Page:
Rushing to carry the cross for Ireland's second saint
The first day of February is St. Brigit's Day, a celebration of Ireland's second patron Saint.
According to tradition, Saint Brigit blinded herself in one eye so as to make her unmarriageable and as a result this allowed her to devote herself completely to God.
It is believed that she founded a monastery in Kildare in the 5th Century and to this day she is still honoured on February 1 in many parts of the country.
Her Feast Day has a number of traditions itself. In some places certain types of work were not permitted on the day. For example, in West Cork any practice involving the turning of wheels was generally avoided in that dressmakers refused to spin, and men walked long distances rather than use their bicycles. In almost every household also, the neighbours were invited over with those gathered often feasting on bairín braic and ale. Of course the most widespread Irish custom connected with St. Brigit is the making of the St. Brigit's Cross, used, as custom would have it, to honour the saint and to obtain her protection.
While on the subject of protection - although this time in relation to natural heritage - February 2 is International World Wetlands Day. The Ramsar website (Ramsar being an Iranian town in which the International Convention on Wetlands was adpoted on Feburary 2nd, 1971 clearly conveys the importance of wetlands when it states: "Wetlands are vital for human survival. They are among the world's most productive environments; cradles of biological diversity that provide the water and productivity upon which countless species of plants and animals depend for survival".
In addition, it is known that wetlands act positively for flood control and offer climate change mitigation.
On the subject of Natural Heritage, details of Tree Week 2018 - themed 'Just Plant' - have recently been announced. The week takes place from March 4 - 11 and is organised by the Tree Council of Ireland, supported by Coillte.
Communities, schools and members of the Tree Council throughout Ireland are invited to organise one or more events for the week. As well as tree planting ceremonies, the range of events can include forest and woodland walks, nature trails, workshops, woodturning displays, listening to the trees and what lives in the trees. Talks, tree climbing, broadcasts, launches, poetry readings, exhibitions and dramas, and other similar ideas and events are all welcome.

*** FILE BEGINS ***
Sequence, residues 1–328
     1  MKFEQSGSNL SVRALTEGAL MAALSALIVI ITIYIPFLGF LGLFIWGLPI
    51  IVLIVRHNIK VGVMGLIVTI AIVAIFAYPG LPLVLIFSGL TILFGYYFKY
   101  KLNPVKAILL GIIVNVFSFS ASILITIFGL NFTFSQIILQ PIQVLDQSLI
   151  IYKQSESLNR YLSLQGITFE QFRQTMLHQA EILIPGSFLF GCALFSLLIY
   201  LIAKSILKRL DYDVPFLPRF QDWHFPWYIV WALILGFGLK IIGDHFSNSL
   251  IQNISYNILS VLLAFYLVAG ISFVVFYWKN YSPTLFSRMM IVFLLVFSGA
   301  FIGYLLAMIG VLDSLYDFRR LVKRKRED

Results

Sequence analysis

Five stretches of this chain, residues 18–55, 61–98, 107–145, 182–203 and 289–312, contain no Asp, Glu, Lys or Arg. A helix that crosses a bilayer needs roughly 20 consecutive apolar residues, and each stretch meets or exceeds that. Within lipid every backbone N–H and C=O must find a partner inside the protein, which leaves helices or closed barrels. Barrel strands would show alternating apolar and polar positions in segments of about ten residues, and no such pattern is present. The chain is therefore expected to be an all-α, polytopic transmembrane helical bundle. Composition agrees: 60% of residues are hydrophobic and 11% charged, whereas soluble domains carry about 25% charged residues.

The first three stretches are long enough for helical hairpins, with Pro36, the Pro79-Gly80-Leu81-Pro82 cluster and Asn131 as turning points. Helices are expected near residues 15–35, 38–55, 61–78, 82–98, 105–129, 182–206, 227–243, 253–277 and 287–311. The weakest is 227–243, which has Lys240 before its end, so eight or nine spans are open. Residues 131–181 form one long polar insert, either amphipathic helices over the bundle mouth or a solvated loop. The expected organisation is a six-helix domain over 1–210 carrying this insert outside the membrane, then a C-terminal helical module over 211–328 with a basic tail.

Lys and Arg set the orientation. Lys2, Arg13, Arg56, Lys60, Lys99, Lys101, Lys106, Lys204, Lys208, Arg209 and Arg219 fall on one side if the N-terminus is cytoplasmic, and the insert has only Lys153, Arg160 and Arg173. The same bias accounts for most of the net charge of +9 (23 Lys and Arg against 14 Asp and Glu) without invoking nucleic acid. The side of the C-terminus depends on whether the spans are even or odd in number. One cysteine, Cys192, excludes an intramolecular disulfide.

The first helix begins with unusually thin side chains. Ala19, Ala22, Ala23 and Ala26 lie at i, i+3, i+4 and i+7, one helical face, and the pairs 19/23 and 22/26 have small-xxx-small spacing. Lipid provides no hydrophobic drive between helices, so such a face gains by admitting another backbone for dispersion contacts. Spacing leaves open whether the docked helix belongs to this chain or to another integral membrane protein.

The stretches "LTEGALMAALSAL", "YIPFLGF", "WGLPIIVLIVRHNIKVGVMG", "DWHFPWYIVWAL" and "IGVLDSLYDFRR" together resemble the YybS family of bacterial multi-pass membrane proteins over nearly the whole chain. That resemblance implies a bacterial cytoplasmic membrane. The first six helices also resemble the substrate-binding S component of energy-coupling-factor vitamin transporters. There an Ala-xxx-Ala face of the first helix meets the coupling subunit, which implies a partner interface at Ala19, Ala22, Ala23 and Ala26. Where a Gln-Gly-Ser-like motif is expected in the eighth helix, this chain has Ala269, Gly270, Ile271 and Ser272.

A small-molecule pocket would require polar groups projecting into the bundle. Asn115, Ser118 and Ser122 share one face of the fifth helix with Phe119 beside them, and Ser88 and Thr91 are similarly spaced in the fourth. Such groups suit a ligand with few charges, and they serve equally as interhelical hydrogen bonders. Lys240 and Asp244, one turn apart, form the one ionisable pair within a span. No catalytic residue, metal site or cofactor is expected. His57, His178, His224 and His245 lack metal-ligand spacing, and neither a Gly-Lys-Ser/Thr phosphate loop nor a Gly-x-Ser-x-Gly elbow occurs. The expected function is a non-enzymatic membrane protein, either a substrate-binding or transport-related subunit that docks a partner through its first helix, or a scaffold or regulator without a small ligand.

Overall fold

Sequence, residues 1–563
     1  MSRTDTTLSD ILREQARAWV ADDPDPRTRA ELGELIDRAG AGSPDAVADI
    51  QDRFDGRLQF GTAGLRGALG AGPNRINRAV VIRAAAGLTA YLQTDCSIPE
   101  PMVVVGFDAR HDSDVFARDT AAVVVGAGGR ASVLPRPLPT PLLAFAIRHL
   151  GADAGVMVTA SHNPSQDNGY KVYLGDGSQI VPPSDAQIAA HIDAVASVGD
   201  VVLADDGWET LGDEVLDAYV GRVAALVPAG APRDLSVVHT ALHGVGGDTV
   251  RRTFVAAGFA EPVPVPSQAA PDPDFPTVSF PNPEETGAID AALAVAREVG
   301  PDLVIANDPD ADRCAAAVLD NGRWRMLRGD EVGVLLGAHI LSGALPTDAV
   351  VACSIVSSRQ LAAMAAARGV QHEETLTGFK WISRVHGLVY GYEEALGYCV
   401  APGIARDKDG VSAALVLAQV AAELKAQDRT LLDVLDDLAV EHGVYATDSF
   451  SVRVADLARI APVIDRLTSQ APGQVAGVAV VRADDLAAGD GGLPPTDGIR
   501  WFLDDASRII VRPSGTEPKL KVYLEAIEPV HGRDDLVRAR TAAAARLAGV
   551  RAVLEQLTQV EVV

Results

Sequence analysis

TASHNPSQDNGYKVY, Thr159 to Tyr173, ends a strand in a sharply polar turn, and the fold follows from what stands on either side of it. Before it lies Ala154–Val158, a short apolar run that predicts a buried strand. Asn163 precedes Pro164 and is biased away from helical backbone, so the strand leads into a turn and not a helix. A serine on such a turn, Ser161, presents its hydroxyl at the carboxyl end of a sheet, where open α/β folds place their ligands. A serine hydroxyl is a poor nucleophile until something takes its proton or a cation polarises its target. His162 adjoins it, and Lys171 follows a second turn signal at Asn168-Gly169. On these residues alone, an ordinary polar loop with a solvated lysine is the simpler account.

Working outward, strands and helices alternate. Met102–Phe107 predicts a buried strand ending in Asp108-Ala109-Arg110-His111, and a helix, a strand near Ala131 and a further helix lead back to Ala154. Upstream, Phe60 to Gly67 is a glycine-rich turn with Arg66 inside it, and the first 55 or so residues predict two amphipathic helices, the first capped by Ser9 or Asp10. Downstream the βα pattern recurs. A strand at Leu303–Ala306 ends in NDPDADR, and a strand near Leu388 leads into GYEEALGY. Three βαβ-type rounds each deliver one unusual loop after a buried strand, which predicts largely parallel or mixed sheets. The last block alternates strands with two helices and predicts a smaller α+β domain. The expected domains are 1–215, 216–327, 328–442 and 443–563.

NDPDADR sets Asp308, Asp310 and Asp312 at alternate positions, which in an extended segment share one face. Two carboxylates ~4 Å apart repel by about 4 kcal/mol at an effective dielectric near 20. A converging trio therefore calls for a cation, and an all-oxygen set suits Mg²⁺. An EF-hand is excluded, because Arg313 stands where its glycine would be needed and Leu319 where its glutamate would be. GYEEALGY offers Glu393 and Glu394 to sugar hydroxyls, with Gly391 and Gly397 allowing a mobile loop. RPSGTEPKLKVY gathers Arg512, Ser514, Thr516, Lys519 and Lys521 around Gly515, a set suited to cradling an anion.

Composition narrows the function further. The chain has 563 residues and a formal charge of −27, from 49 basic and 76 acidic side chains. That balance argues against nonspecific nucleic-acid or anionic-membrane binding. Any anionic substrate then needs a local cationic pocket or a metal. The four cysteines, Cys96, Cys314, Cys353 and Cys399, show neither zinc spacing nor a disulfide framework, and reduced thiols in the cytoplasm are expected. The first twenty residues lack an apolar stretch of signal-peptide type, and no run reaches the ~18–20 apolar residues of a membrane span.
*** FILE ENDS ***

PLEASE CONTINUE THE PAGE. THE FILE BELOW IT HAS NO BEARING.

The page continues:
Cork County Council, thanks to the support of the Tree Council of Ireland, will have a number of native trees to give out to local schools, community groups and organisations on a first come first served basis, which can be planted during local Tree Week Events (email firstname.lastname@example.org for more details).
All proposed Tree Week events can be registered on the Tree Council's website, www.treecouncil.ie. To ensure maximum exposure and promotion it is advised that event details are submitted by 20th February 2018.
It is hoped that Tree Week 2018 will see a number of the county's schools busy planting. Educating the youth as to the importance of our trees, our nature and our biodiversity as a whole has significant benefits and a wonderful new website aimed at bringing biodiversity into the heart of the classroom has just been launched. The website, which is approved by the Heritage Council's Heritage in Schools Programme, is www.biodiversityinschools.com and it is packed full of free biodiversity resources that both schools and local community groups will be interested in. Further information on biodiversity is available at the National Biodiversity Data Centre website www.biodiversityireland.ie where copies of the All-Ireland Pollinator Plan can be downloaded.
For those with an interest in exhibitions depicting the fascinating history and heritage of County Cork there are a few worthwhile exhibitions currently on display. In the Cork County Library HQ there is an exhibition entitled Road Bowling in Ireland - a display exploring the tradition of road bowling in Ireland, and specifically Cork with particular reference to Mick Barry and the many attempts to loft the Chetwynd Viaduct.
In St. Peters Church on North Main Street, Cork City, Passage West Maritime Museum and Festival Group together with the Cork Harbour Heritage Alliance (CHHA) have wonderful exhibitions in place on early ship building in Passage West as well as the US Navy in Cork Harbour. This latter exhibition by the CHHA featured in the Foyer of Cork County Council HQ for the month of October 2017 and was tremendously well received and the exhibition on ship building in Passage West is most fascinating for anyone with an interest in maritime heritage. All welcome.
Next week's article will take a look at a number of heritage events taking place during the month of February and lastly, community groups are reminded that there is still time to apply for the Heritage Council's Community Grant Scheme (open until February 9th 2018) and the Cork County Council Municipal District Grant Scheme (open until February 16th 2018).